It may sound strange, but I remember the time I spent in the hospital in Merced, California, when I was five years old as almost magical. Sitting up in bed in my soft pink fleecy nightgown waiting for my daily round of visitors—doctors, nurses, my parents—I felt completely comfortable. I’d already been there for two weeks and was determined to be the best patient they’d ever seen. There in the clean, bright room, everything felt like it was under control: there were dependable routines at the hospital enforced by real grown-ups. (In those days, there was a sense of awe around the doctors and nurses: everyone revered them, and to be in their midst felt like a privilege.) Everything made sense: I liked that there was a way I could behave that would yield predictable responses.
I had been diagnosed with kidney nephrosis, a life- threatening condition about which very little was known—it had really been studied only in boys, to the extent that it was studied at all. Basically, it’s a retentive disease in which your filtering system isn’t doing its job. I remember being terrified when my genitals swelled up and I showed my mom and saw her reaction: pure panic. She got me in the car and rushed me to the hospital, where I ended up staying for three months.
My aunt taught fourth grade, and she’d had her entire class make get-well cards, on construction paper with crayons and markers, which my parents delivered that afternoon. I was excited by the attention—from older kids, kids I didn’t know. But when I looked up from the brightly colored cards, I saw my parents’ faces. For the first time, I could feel their fear that I might not make it.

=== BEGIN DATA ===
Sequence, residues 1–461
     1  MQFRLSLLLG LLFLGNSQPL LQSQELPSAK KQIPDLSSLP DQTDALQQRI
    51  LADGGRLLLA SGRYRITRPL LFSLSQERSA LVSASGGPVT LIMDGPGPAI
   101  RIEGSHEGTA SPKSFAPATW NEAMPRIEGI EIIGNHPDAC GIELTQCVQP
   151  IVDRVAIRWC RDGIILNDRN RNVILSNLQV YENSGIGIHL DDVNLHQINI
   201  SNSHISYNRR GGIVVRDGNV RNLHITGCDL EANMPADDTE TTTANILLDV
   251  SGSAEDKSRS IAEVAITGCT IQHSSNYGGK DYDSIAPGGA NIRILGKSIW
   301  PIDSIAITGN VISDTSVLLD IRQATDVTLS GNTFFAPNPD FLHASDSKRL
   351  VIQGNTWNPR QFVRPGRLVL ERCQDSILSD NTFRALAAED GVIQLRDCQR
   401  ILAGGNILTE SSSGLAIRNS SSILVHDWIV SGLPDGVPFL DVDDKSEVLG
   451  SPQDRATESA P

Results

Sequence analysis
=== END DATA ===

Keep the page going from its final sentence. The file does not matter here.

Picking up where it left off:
I reached over and touched my mother’s hand and said, “Everything will be okay, Mommy.”
She was just a kid, too. She was only twenty-three years old. My mother, Virginia King, was a teenager who weighed a hundred pounds when she got pregnant with me just out of high school in Roswell, New Mexico. Really, she was a little girl. She labored in pain for nine hours, only to be knocked unconscious at the last minute, right before I came into this world. Not the ideal first attachment experience for either of us.
There was a part of her that did not really ground in reality, which meant that she was able to think outside the box. She came from poverty, but she didn’t have a poverty mind-set — she didn’t think poor. She wanted us to have the best: she would never have allowed a generic brand anything in our house — not cereal, not peanut butter, not laundry detergent. She was generous, expansive, welcoming. There was always room for one more person at the table. And she was confident in an easy- going kind of way — not a stickler for rules.
Growing up, I was aware that Ginny was different — she didn’t seem like other moms. I can picture her in the car driving us to school, smoking a cigarette with one hand and putting her makeup on — perfectly — with the other, without even looking in the mirror. She had a great figure; she was athletic and had worked as a lifeguard at Bottomless Lakes State Park near Roswell. She was also strikingly attractive, with bright blue eyes, pale skin, and dark hair. She was meticulous about her appearance no matter what the circumstances: on our yearly trip to my grandmother’s, she would make my dad stop three quarters of the way there so she could put in her curlers and have her hair just right by the time we got into town. (My mom went to beauty school, though she never turned it into a career.) She wasn’t a fashion queen, but she knew how to put a look together with natural flair. She was always reaching for whatever was glamorous — she got my name from a beauty product.
Excerpted from INSIDE OUT by Demi Moore. Published by Harper Collins
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